When the family moved to Waveland, Mississippi, probably around 1909, Baby brought the lard can and used the baseboards of an outhouse in the back of their cottage as his bass drum, achieving what he called a “big sound.” So big, in fact, that when he asked his father for a drum set for Christmas (after Johnny had received a real clarinet to replace the tin flute), he was informed that he was “making enough noise already.” So much for spoiling the Baby! Soon after he went to work in a bag factory back in New Orleans to get the money to buy himself a drum set and paid for lessons from Dave Perkins, Louis Cottrell, and Walter Brundy. Looks like “big brother” Johnny caught all the breaks: the only downside for him was that wherever he went, Baby was sure to follow.

And follow he did. Thus the two brothers were paired in Kid Ory’s band, with Marable on the Streckfus Steamers, in King Oliver’s Creole Jazz Band, with Louis Armstrong’s Hot Seven, in Jelly Roll Morton’s Red Hot Peppers, and in Johnny’s Black Bottom Stompers—a list that accounts for many of the classic jazz recordings made in the 1920s. To the very end, Johnny never could shake his younger brother. After his brother’s death in 1940, Baby went with Bunk Johnson and rode the New Orleans Revival to even greater international celebrity with recordings of his drum solos and radio programs such as Rudi Blesh’s This Is Jazz. Both Gene Krupa and Dave Tough—two of the most highly regarded jazz drummers of the Swing Era—learned the basics of tuning and playing drums “hands on” from Baby Dodds, who once said: “Some people call [the way I play] ‘old style,’ but, if nobody else can do it, I don’t think it’s ‘old style.’” Like his brother, Baby found his “own voice” early on and kept it fresh for a lifetime. For him, jazz drumming was not about the notes or beats you played but the spirit behind them.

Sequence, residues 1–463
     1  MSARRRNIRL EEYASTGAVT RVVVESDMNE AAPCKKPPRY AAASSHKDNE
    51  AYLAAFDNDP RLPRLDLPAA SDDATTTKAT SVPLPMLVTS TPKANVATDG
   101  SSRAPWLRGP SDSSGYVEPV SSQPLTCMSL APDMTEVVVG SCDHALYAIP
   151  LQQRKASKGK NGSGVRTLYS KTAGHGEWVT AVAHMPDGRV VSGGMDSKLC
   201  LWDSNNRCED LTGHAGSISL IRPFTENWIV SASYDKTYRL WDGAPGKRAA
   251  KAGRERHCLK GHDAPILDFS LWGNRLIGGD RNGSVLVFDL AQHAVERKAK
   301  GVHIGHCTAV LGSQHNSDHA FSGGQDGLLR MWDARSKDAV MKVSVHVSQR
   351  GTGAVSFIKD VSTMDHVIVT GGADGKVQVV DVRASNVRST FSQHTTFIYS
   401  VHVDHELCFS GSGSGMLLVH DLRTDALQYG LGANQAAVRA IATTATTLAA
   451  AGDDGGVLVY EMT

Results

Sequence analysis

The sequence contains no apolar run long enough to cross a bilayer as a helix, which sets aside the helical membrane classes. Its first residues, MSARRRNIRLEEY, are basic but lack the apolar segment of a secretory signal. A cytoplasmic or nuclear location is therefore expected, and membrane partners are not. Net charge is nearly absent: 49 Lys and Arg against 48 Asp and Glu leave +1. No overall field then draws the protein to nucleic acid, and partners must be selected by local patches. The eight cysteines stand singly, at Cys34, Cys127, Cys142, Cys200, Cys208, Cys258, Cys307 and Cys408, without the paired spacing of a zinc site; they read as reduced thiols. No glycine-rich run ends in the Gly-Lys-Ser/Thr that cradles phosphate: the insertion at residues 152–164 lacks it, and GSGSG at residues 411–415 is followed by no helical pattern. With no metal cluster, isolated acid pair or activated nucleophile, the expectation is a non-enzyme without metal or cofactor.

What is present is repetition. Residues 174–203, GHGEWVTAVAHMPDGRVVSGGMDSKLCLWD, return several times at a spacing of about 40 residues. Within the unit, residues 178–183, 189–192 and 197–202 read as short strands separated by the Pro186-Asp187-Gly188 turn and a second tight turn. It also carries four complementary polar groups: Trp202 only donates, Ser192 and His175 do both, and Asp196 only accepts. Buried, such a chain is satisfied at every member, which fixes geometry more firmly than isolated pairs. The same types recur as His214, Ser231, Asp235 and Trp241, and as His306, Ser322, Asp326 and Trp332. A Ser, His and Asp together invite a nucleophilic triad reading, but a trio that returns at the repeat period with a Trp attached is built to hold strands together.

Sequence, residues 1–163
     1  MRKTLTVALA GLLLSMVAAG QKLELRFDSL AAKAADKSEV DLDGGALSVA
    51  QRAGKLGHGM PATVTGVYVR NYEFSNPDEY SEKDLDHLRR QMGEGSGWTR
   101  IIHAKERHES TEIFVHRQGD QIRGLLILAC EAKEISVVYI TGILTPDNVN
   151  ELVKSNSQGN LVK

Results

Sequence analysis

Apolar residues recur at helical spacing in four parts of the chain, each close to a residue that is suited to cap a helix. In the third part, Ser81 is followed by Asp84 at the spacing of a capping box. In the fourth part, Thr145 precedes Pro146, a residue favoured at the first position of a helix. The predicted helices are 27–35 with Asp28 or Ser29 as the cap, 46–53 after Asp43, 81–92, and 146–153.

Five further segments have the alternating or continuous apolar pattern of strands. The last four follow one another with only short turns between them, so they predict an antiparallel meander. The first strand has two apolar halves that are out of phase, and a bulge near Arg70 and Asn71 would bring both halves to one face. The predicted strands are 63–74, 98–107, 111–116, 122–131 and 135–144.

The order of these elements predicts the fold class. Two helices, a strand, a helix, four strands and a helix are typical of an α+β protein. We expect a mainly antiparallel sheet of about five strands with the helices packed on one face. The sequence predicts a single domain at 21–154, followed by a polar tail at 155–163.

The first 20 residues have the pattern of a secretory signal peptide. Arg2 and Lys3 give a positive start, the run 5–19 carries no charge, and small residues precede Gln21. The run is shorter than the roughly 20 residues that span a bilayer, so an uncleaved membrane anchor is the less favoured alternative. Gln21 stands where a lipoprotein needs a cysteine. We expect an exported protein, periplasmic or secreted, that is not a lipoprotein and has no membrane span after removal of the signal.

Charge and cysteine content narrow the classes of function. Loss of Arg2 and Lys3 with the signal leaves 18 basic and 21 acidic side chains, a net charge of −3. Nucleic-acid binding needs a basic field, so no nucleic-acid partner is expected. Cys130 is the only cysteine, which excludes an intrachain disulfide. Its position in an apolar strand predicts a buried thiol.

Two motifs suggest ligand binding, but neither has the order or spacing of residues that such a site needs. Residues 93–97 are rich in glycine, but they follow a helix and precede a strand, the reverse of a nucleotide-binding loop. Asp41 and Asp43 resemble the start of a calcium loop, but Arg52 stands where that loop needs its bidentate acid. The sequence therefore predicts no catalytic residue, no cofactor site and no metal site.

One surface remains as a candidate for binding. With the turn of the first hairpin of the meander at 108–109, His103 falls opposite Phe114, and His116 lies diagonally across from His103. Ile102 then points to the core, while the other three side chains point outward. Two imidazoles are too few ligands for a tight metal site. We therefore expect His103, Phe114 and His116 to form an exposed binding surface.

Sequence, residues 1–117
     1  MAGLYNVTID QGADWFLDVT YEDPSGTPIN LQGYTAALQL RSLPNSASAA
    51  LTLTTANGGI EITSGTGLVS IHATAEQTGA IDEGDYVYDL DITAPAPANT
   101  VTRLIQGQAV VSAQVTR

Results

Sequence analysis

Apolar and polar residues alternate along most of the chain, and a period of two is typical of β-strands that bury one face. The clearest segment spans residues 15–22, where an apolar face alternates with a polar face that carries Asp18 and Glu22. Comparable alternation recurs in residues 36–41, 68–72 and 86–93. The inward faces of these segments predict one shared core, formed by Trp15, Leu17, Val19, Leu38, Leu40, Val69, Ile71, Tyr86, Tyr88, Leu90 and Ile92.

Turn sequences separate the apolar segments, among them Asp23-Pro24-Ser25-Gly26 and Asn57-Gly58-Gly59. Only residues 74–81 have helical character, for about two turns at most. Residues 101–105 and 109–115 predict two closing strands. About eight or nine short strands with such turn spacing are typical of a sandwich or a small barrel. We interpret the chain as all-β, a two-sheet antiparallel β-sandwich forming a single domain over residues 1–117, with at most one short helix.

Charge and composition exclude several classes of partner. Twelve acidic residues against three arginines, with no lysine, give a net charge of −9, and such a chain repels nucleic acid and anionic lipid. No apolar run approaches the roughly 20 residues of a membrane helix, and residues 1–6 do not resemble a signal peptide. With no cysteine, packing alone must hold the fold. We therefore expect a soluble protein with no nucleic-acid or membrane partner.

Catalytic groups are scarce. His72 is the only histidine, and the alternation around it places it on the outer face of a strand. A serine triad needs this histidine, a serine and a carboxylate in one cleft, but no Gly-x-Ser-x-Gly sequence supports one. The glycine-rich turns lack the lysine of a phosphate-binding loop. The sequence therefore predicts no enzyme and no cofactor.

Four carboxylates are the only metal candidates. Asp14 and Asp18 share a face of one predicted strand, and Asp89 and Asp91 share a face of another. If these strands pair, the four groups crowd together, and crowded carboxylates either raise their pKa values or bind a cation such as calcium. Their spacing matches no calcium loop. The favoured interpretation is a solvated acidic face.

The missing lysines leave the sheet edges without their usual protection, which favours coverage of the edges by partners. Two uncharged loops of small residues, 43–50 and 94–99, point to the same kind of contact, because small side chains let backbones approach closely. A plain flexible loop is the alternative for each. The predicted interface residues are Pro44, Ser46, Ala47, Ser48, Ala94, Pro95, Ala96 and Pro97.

Examining the relationship of the Dodds brothers provides some interesting insights, because even though they worked together almost constantly for nearly twenty-five years, according to Baby they “couldn’t see eye to eye.” He described Johnny as very stern, although not without a sense of humor. As a boss he was strict, always insisting on punctuality for rehearsals, which Baby sometimes missed because he “drank a little.” Johnny didn’t drink, but he loved prize fighting. When watching a fight, he had a quick temper and would throw sympathetic punches, often striking the people adjacent to him, but “without malice” according to his brother. When King Oliver was touring in the 1930s he tried to lure Baby away from Johnny’s band, but Baby wouldn’t leave—he was steadfastly loyal. Johnny’s death must have hit him hard, and although he continued to perform with such clarinet luminaries as Sidney Bechet, Jimmie Noone, George Lewis, and Darnell Howard, the loss of his brother took some of the joy out of life for him. Baby passed in 1959, and Larry Gara’s The Baby Dodds Story came out later that year, based on interviews made in 1953. The book leads off with a quote from Baby that summarizes his views on the importance of the drummer in any band: “You can’t get into a locked house without a key, and the drum is the key to the band.” On second thought, maybe “latch key” Baby wasn’t so far off after all.

Bruce Boyd Raeburn, PhD, is the former director of the Hogan Jazz Archive at Tulane University.